Neil Caldwell was a member of the “Dirty Thirty,” a bipartisan group that helped oust a scandal-plagued Texas House speaker in 1971, before Caldwell moved on to become a longtime district judge in Angleton and the state artist of Texas.
Known for a sharp, plain-spoken wit and a strong streak of idealism during his time in office, Caldwell died Tuesday morning at age 88 at his home outside of Angleton after entering hospice care for liver cancer, said his wife, Mary Lou Caldwell. Services and his burial at the Texas State Cemetery in Austin have not yet been scheduled, she said.
“Neil Caldwell was extraordinary — a powerful progressive voice, later a distinguished jurist, and always a man of principle,” said U.S. Rep. Lloyd Doggett, D-Austin. “He courageously stood up against corruption and for fair play, protection of our natural resources, working people and civil rights. He not only drew some great cartoons, he left a truly positive mark on Texas.”
Caldwell, a lawyer and liberal Democrat from Alvin near the Texas coast, was elected to the Texas House in 1960 and spent his first 11 years as a gadfly supporter of the little guy who lost more battles than he won.
Then the Sharpstown stock fraud scandal erupted in 1971, implicating Speaker Gus Mutscher in a bribery investigation involving deals set up by Frank Sharp, a Houston banking and development mogul. Caldwell drafted a resolution to force Mutscher to speak out about profits he had made in deals with Sharp, and, although the measure failed, the vote earned Caldwell and 29 others on the losing side a nickname they wore with honor — the Dirty Thirty.
Mutscher lost his election in 1972 and was later convicted of bribery-conspiracy, and the 1973 legislative session began with a mandate for reform and with Caldwell in a new position of power — chairman of the influential Appropriations Committee, where the teetotaler who chewed cigars but never smoked them helped draft laws on lobbyist registration, campaign finance disclosure and consumer protection.
Texas Monthly approved of the job he did in the 1973 session, naming Caldwell to the magazine’s list of the 10 best lawmakers and declaring him “probably the all-around best member of the Legislature.”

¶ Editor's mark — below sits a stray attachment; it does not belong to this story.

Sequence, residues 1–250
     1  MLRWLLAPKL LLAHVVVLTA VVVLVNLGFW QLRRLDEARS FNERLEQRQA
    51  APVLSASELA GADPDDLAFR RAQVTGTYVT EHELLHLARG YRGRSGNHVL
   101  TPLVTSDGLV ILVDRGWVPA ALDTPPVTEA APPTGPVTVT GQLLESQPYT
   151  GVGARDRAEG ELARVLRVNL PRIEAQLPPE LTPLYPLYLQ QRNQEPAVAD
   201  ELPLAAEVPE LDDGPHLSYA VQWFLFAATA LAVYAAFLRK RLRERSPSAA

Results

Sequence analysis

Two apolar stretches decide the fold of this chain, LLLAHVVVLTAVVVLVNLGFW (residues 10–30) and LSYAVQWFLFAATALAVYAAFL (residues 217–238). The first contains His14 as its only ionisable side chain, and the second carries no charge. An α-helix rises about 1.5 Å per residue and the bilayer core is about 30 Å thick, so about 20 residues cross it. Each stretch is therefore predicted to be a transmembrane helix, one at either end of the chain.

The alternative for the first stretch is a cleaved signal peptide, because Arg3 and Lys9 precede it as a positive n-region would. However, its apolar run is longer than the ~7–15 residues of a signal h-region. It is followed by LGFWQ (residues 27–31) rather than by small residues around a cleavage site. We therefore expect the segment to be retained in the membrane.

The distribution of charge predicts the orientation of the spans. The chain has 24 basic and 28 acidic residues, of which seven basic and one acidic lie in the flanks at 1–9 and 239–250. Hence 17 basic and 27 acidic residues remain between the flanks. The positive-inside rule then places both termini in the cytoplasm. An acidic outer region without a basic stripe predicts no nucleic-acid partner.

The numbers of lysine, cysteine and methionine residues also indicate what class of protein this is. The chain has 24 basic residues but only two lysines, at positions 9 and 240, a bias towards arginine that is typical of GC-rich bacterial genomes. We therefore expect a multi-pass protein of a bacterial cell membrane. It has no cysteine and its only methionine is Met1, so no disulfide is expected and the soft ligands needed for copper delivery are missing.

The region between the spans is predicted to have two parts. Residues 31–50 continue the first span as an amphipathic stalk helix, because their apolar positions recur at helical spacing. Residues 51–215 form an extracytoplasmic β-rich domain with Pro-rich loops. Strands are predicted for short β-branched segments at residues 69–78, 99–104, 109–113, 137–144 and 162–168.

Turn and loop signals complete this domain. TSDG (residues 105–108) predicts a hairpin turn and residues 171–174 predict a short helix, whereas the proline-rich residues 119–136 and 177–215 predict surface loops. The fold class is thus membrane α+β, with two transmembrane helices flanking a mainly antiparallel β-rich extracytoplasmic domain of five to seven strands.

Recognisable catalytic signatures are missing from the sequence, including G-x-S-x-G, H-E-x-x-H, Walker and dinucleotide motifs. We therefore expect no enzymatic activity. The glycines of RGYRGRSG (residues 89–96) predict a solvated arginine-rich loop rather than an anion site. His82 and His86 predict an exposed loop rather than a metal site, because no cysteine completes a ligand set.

Caldwell was “an extremely smart, savvy politician who is thoroughly trustworthy” — a House member who took a serious approach to public office without being sanctimonious and without sacrificing his sense of humor, Texas Monthly wrote.
One session later, however, Caldwell watched in disgust as those he considered part of the “business as usual” crowd returned to power in the House, and he lost his committee chairmanship. The 1975 session would be his last, and his decision to retire was cemented when a job opened as a state district judge in Angleton.
Caldwell, who got his law degree from the University of Texas in 1957, won that election and remained on the bench until the end of 1994.
Former American-Statesman political columnist Dave McNeely caught up with Caldwell in 1982, describing him as a Texas version of Ben Franklin — a humorist, intellectual, artist and idealist who didn’t lose touch with reality.
“He was a rare combination of a genuine intellectual who had a lot of good ol’ boy in him and more raw talent than the law ought to allow — whether it be music, sculpture, painting or legislating,” Bob Armstrong, a friend who had served with Caldwell in the House, told McNeely at the time.
A 1967 resolution designated Caldwell the “artist laureate of the Texas House” and praised him for his quick mind, ready wit and facility with Aggie jokes, along with his skills at drawing, sculpting and photography.
Caldwell’s skills were acknowledged again in 1987, when he was named to a one-year stint as the state artist of Texas.